Title: Light-Force Maxillary Expansion in an Animal Model
Achint Utreja (Presenter)
Indiana University School of Dentistry
Carol Bain, Indiana University School of Medicine
Brett Turek, Indiana University School of Dentistry
Robert Holland, Indiana University School of Dentistry
Rawan Alrasheed, Indiana University School of Dentistry
W Roberts, Indiana University School of Dentistry
Objectives: Maxillary constriction is routinely addressed with rapid maxillary expansion (RME). However, the heavy forces delivered by most RME appliances to expand the palate may lead to deleterious effects on the teeth and supporting tissues. The objective of this study was to explore a more physiologic maxillary expansion with light continuous force.
Methods: Twenty, 6-week-old Sprague Dwaley rats were equally divided into EXPT and CTRL groups. A custom-fabricated archwire expansion appliance made from 0.014" copper-nickel titanium (CuNiTi) wire was activated 5mm and bonded to the maxillary molar segments of animals in the EXPT group for 21 days. The force applied to each maxillary segment was 5cN. Fluorescent bone labels were injected 7, 4 and 2 days prior to euthanasia, and micro-CT and histological analyses were used to compare the tooth movement and bone morphology in the midpalatal suture and buccal aspect of the alveolar process between the two groups. Descriptive statistics (mean ± standard error of the mean) and non-parametric statistical tests were used to compare the outcomes across groups.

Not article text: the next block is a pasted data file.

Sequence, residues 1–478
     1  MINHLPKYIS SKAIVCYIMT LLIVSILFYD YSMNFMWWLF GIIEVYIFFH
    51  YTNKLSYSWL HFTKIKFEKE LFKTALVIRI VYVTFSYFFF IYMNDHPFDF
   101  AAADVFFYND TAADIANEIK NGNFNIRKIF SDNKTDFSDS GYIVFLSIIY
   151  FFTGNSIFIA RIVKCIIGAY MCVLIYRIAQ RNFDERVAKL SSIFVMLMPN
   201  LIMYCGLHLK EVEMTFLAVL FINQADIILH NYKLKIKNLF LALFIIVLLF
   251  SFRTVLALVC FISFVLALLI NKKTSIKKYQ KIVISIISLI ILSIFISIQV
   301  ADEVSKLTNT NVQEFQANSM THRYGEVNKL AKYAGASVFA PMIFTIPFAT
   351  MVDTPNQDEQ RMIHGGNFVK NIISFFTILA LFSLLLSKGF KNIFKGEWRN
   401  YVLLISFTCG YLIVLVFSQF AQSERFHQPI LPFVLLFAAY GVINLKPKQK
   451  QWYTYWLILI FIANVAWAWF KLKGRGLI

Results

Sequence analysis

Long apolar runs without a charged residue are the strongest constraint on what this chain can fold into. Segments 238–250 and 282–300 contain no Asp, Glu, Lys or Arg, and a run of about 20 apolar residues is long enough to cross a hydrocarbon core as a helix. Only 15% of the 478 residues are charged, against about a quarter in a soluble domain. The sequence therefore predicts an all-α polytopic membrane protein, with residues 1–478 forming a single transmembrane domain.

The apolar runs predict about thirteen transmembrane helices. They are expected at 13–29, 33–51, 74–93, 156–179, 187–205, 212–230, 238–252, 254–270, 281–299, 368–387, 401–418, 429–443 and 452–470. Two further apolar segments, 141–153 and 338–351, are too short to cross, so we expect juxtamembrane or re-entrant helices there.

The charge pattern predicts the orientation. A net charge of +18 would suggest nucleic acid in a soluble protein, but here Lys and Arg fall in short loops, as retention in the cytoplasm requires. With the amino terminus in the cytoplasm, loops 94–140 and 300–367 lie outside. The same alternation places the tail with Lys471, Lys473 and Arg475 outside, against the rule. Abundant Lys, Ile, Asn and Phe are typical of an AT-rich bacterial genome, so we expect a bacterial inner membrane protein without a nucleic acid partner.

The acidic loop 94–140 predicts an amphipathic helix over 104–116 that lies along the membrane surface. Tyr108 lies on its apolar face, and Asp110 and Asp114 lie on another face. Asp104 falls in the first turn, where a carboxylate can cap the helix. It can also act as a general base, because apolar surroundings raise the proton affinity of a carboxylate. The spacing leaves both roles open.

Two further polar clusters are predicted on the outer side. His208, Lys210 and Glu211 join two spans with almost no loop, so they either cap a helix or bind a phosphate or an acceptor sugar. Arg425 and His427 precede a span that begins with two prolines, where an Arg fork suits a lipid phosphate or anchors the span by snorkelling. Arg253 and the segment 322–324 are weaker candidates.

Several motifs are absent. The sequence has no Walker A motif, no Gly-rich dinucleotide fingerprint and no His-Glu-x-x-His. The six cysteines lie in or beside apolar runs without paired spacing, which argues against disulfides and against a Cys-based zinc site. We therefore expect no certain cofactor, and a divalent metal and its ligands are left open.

Results: Compared to the CTRL group, there was a statistically significant increase in buccal tooth movement and expansion of the midpalatal suture. The intermolar width (µm) was significantly greater at the root apex (5737±42.24 EXPT, 5434±54.03 CTRL) and occlusal surface (7868±91.95 EXPT, 7085±35.10 CTRL) (P<0.01). There was no change in the bone morphologic parameters between groups. The mineral apposition rate was significantly higher in the EXPT group compared to the CTRL group in the buccal and suture regions (P<0.05).
Conclusions: Application of light, continuous force resulted in maxillary osseous expansion due to bilateral sutural apposition and buccal drift of the alveolar processes. This animal experiment provides a more physiologic basis for maxillary expansion.
This work was supported by the American Association of Orthodontists Foundatoin (AAOF).